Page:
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October 18, 1965

Parachuting for Sport: Study of 100 Deaths

Author Affiliations


From the Armed Forces Institute of Pathology, Washington, DC.

JAMA. 1965;194(3):264-268. doi:10.1001/jama.1965.03090160042011

Parachuting as a sport is becoming more wide-spread. It has only a recent history in America, since it did not get started in earnest until after 1956, but jumpers in European countries have long engaged in this activity. Now, as a result of much publicity and a vigorous national organization, parachute clubs are active throughout this country.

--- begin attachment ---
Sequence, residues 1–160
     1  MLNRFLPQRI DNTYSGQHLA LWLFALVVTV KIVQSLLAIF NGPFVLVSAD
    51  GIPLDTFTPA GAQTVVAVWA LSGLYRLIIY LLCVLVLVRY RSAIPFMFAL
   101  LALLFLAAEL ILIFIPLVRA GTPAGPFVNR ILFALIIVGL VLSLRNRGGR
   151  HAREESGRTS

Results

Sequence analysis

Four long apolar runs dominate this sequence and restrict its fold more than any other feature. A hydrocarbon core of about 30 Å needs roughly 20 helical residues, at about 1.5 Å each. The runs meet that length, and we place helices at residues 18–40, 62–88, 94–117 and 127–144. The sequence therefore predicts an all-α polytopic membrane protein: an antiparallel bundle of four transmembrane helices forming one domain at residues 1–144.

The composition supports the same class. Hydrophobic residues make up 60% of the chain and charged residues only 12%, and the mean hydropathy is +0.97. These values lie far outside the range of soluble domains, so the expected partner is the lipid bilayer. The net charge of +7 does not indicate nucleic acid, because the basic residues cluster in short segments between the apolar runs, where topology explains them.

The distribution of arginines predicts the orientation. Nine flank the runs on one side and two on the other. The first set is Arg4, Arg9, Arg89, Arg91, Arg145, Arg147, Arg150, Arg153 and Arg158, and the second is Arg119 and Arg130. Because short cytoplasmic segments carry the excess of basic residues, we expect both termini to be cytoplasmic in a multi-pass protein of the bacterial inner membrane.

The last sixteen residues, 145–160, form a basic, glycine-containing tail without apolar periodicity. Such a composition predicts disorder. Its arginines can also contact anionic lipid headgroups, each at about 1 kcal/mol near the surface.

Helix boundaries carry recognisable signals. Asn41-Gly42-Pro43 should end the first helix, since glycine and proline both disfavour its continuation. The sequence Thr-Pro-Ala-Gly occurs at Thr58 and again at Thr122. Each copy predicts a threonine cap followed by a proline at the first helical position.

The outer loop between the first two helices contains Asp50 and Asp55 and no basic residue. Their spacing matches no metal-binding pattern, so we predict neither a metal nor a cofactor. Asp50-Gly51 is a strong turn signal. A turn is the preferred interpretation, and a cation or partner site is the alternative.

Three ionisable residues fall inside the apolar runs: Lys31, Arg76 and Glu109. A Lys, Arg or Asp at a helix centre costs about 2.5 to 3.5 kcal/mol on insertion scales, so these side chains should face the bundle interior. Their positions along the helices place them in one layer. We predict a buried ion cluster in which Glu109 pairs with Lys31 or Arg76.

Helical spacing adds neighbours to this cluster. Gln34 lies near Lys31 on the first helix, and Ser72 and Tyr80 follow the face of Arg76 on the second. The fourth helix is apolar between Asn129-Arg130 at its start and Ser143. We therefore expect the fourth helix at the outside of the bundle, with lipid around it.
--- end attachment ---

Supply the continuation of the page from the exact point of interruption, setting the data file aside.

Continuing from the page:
Whereas military parachuting has as its goal the landing of groups of men with their equipment in a small enough space that they can accomplish a tactical mission, sport parachuting puts more emphasis on the individual, his performance during free-fall descent, and his target accuracy.

From a hastily recruited team assembled to compete in the Third International Parachuting Championship at Moscow in 1956, sport parachuting has expanded throughout our country. There are now over 500 clubs in operation, under the sponsorship of the Parachute Club of America (PCA). Although there are over 20

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